China said Saturday that it maintains a "very restrained attitude" toward nuclear tests but didn't deny U.S. allegations it was planning one.
U.S. officials have suggested China is preparing to detonate a nuclear weapon at its remote testing site in the northwestern Xinjiang province. President Clinton urged Beijing on Friday to drop the reported plans.
Clinton's remarks capped weeks of intense behind-the-scenes diplomacy, including contacts by senior State Department officials with other governments asking them to pressure China to scrap the alleged test.
Intelligence reports taken from satellites and intercepted electronic signals show that China has prepared its isolated Lop Nor test site for a detonation, U.S. officials say.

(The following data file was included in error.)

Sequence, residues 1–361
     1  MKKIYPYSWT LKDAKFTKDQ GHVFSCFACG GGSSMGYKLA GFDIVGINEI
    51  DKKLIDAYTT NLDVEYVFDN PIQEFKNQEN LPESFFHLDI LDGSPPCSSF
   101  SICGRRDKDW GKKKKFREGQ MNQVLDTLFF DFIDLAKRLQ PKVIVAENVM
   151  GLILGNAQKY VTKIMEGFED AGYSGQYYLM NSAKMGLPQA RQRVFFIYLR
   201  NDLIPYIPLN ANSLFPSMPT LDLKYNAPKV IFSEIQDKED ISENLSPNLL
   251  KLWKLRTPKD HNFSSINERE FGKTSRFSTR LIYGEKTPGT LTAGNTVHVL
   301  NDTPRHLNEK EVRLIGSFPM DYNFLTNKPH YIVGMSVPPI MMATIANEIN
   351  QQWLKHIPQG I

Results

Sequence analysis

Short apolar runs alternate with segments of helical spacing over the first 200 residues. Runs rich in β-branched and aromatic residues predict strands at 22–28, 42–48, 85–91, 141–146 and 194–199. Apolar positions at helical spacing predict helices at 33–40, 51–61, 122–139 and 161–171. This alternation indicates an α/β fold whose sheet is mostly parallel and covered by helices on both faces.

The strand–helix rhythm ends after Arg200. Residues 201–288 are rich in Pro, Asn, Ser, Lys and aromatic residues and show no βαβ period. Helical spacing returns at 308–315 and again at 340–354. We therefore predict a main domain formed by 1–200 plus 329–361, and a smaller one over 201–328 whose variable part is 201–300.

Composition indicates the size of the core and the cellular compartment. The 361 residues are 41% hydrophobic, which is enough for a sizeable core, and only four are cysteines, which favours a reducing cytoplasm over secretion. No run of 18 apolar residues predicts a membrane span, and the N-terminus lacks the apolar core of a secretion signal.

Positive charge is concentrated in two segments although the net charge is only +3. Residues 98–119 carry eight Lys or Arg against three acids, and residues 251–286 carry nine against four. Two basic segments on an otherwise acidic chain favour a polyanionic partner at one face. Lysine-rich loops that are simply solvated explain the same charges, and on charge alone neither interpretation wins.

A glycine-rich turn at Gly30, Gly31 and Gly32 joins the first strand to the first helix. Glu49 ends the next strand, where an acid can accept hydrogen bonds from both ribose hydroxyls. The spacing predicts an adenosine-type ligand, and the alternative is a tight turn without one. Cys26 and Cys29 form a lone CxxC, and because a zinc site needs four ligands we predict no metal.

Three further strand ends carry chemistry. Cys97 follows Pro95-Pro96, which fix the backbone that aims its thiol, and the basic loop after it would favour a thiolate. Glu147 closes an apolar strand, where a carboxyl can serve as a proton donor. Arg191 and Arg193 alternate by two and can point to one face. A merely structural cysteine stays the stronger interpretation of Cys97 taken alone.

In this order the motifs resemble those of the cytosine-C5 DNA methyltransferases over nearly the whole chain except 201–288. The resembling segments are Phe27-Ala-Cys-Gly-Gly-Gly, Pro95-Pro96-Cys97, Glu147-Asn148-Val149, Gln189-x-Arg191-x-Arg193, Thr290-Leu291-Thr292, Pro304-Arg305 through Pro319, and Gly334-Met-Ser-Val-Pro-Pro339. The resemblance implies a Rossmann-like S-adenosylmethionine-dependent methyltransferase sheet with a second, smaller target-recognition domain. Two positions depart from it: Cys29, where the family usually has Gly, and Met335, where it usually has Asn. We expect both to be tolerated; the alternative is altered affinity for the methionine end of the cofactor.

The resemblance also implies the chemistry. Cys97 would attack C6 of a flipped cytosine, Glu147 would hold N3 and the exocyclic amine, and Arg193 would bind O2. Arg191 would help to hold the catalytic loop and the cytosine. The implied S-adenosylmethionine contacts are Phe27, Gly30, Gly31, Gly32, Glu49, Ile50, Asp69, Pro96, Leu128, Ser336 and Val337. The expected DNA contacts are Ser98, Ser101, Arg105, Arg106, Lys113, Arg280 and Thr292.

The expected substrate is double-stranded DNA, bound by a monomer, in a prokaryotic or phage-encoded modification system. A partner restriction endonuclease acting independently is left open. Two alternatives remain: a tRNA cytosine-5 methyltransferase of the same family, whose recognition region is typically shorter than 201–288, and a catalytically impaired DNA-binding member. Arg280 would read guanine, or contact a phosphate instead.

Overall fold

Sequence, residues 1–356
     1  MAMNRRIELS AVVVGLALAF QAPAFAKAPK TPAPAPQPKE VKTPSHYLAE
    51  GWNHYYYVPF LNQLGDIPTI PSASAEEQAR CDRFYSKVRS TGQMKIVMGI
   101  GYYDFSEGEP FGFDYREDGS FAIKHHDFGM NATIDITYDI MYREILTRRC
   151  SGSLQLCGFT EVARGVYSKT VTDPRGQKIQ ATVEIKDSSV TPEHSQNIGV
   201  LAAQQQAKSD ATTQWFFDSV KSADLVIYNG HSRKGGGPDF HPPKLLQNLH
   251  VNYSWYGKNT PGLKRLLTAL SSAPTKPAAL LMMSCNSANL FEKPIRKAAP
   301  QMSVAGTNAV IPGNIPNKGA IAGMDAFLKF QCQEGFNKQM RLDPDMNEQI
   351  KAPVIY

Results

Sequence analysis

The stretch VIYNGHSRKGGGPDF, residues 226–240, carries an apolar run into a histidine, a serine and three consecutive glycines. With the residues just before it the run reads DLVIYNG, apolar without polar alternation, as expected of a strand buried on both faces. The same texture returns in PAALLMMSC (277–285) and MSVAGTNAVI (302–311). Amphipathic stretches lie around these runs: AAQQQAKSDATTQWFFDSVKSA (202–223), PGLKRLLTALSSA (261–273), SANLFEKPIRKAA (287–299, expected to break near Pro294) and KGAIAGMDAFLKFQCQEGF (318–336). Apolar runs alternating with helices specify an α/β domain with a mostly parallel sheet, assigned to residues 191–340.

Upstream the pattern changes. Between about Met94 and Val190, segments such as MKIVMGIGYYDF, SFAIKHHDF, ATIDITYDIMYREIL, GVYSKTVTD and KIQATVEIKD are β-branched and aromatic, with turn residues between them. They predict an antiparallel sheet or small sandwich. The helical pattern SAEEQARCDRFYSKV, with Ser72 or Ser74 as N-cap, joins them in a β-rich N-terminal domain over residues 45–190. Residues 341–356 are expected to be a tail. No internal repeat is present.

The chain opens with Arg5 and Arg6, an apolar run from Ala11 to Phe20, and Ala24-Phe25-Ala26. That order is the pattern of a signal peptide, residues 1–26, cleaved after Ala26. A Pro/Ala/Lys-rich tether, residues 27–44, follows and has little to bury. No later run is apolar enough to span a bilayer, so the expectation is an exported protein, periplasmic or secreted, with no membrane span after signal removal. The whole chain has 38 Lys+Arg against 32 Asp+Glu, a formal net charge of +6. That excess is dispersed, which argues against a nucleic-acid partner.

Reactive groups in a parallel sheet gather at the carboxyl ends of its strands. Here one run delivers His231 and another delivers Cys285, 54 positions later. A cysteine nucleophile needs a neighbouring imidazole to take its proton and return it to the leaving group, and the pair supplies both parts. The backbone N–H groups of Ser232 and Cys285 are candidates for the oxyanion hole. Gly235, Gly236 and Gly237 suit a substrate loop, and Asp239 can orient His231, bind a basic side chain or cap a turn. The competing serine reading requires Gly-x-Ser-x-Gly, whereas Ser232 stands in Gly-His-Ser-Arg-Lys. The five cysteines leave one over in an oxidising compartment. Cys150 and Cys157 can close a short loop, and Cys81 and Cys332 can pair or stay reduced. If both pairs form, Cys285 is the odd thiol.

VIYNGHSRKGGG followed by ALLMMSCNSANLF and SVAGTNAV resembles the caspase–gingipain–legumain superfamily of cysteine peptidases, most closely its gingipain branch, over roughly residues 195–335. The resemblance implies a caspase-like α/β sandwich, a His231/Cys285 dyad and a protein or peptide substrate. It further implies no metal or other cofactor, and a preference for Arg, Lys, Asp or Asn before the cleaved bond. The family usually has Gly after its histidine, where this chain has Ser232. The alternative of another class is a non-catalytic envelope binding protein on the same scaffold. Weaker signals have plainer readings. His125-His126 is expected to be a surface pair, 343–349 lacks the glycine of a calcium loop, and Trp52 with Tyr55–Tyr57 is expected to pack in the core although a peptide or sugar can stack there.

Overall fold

In response to reporters' questions about the American claims, the Foreign Ministry issued a one-sentence statement on Saturday that said, "It is known to all that China has all along taken a very restrained attitude toward the nuclear test issue."
If China does conduct an underground nuclear test, it would be the first by any country in a year and could threaten the 15-month moratorium on U.S. testing Clinton declared July 3.